Mike Lee's Mission: Rescue the Constitution From Government

Congress regulates toilets.  It regulates lightbulbs.  It regulates dishwashers.  It regulates showerheads, and it even regulates the living conditions for the two-inch pupfish that calls Tucson, Ariz., home.
No serious political observer would ever suggest that that’s what John Adams and crew had in mind when they set up America’s constitutional republic—a government so large that it sends out edicts mandating the removal of phosphates from dishwasher detergent.
“The question of ‘Is this constitutional?’ has become synonymous with the question, ‘Will the Supreme Court tolerate this?’ ” Sen. Mike Lee told HUMAN EVENTS.  “With the government, it’s imperative that we always ask that question [of constitutionality], especially with the federal government, because as our Founding Fathers understood,” continued Lee, “whenever government expands, it does so at the expense of our individual liberty.”
But that’s what we have today—a government expanding at the expense of individual liberty.  So what went wrong?

For the first 130 years of the republic, Congress adhered strictly to the principle that the federal government has limited powers, charged with overseeing such items as national defense and regulating trades between the states and foreign nations. That all began to change during the New Deal era when FDR forced the Supreme Court to adopt a more expansive view of the Commerce Clause of the Constitution.
“The Court said, in essence, any activity that when measured in the aggregate, when replicated across every state, substantially affects interstate commerce, and is subject to regulation by Congress,” explained the freshman senator from Utah.  “When it’s translated into common everyday English, it basically means Congress can regulate pretty much anything it wants.”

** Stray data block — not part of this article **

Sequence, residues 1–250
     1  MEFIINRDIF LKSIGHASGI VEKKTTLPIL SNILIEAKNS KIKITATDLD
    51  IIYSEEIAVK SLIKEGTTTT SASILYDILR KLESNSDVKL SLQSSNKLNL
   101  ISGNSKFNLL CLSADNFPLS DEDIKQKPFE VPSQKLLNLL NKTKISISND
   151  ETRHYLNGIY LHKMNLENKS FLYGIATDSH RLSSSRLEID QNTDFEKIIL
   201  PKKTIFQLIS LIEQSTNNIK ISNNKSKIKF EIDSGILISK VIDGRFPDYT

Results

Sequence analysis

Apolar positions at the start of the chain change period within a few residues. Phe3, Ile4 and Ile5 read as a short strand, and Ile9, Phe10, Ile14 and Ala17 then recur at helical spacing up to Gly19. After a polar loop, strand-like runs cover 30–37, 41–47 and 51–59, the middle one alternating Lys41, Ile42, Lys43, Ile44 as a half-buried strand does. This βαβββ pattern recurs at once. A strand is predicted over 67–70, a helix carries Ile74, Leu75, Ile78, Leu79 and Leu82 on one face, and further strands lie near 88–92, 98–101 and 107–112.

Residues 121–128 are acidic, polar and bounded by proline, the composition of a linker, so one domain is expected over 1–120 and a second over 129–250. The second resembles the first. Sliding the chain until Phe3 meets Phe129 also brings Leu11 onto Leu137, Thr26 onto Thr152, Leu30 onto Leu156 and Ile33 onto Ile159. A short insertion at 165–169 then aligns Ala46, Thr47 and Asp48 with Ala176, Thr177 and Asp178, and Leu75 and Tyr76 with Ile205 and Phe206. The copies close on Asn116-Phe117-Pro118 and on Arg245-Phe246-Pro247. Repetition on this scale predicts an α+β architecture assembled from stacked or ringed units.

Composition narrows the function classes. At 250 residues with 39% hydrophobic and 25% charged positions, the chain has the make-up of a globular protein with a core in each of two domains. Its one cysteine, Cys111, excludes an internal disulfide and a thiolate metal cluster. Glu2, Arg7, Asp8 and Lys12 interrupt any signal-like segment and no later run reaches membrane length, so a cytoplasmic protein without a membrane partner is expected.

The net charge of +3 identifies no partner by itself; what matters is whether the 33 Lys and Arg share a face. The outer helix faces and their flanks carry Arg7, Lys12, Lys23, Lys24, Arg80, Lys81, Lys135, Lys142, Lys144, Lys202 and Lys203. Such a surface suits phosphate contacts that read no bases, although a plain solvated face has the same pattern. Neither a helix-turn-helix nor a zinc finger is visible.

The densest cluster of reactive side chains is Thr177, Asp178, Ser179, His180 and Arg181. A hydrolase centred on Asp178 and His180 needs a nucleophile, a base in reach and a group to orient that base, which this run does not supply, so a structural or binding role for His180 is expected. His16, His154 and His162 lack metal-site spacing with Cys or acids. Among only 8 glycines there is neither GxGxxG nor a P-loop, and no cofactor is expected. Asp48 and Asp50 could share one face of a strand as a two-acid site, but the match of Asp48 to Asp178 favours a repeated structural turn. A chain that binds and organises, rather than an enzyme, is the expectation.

Lee told HUMAN EVENTS that the first step toward constitutional fidelity is to limit “the pot of money of which Congress has access to every year.”
Sounds great, but how does the country return to its roots when Democrats, and their allies, respond to budgetary reforms and spending cuts by referring to conservatives as “terrorists,” “barbarians” and “sons of bitches?”
“You have to remember that any political party is only as powerful as its ideas are compelling and resonate with voters,” said Lee, whose first book, The Freedom Agenda, has been released.  “Those ideas are not the ideas that the voters in America are likely to view as powerful, as capable of transforming America into what it needs to become, of healing our economy and protecting our liberty.”